Yoshiaki Nishimura: I'm not sure if you're aware of this, but the concept of an imaginary friend is not wildly accepted in Japan. It's not really a thing in my country. So, after I decided that I wanted to make The Imaginary, I found it very difficult to really communicate the plot of the film to a lot of directors and writers. In an effort to do that, I created this document explaining everything about the film. I thought it was going to be about four pages long, but it ended up being 40. In that document, I talked about the imaginary world itself, and I didn't just explain what it was — I wrote ideas about how it should be visualized, and which camera angles should be used to explore it in certain sequences. I really laid everything out.

When Yoshiyuki Momose read it, he said, "You've already done so much work and invested so much. If you're this interested in this film, why don't you write the script yourself?" That was really where me writing the script began. All my life, I've been an animator, not a screenwriter, so my approach was very different from what most writers would have done. I basically just imagined how the entire film would be shot from beginning to end in my head, and then I wrote that down on the page.

How did you decide on the animation style of the movie? The blend of 3D and 2D is really unique.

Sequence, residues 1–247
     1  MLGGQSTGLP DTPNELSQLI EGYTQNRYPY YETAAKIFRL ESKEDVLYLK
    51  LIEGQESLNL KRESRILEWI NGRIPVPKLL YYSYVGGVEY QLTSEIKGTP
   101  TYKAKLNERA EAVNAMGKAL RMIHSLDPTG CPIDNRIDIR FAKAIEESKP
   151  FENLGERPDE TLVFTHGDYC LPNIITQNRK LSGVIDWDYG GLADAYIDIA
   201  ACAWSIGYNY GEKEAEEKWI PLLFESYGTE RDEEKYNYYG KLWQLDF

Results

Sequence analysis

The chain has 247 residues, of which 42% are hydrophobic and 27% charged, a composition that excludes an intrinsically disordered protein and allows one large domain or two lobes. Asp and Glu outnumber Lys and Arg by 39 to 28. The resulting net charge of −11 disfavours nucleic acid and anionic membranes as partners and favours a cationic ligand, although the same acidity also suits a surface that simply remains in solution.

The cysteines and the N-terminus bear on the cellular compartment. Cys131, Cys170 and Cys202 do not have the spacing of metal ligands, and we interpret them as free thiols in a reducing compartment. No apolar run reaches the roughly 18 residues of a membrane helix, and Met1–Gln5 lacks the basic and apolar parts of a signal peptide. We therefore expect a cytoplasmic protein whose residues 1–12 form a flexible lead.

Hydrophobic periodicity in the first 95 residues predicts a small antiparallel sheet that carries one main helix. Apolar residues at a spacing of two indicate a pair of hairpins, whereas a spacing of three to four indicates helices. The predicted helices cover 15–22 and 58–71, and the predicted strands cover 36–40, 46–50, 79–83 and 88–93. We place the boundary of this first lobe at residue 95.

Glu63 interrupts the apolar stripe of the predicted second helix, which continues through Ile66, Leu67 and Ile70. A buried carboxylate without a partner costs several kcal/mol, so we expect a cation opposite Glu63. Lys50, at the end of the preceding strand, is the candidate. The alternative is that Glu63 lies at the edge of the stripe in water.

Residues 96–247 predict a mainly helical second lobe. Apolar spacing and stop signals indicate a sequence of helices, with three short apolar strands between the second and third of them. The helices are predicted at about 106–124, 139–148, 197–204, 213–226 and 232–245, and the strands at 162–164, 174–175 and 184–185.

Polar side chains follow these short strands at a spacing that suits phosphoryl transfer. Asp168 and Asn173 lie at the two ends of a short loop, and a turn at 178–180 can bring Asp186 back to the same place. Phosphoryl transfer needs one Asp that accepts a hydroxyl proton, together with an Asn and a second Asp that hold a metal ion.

I've lived in the world of Japanese animation for a long, long time, and, from my perspective, the style of Japanese animation hasn't really changed all that much over the past 40 years. The background imagery is always done very precisely and is always very well defined, but the character designs are always very simple. With this film, I wanted to challenge myself and my team to go beyond that style. Something I'd been thinking about for a decade or more was experimenting with lighting and shading. I've always felt that, if you can really control the lighting and shading, then you can really control the impact you have on people's emotions and the way they psychologically process the stories you tell. For this film, we probably created around 140,000 drawings, but if we had made it without thinking about the lighting of each scene and had just done everything all by hand, it might have taken two to three times that many drawings. It would have demanded a lot more work than what we did.